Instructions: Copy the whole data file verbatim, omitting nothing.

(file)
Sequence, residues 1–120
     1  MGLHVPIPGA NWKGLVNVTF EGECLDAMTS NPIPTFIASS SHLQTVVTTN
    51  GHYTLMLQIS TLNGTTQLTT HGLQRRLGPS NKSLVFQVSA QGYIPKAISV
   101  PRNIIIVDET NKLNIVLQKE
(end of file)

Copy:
Sequence, residues 1–120
     1  MGLHVPIPGA NWKGLVNVTF EGECLDAMTS NPIPTFIASS SHLQTVVTTN
    51  GHYTLMLQIS TLNGTTQLTT HGLQRRLGPS NKSLVFQVSA QGYIPKAISV
   101  PRNIIIVDET NKLNIVLQKE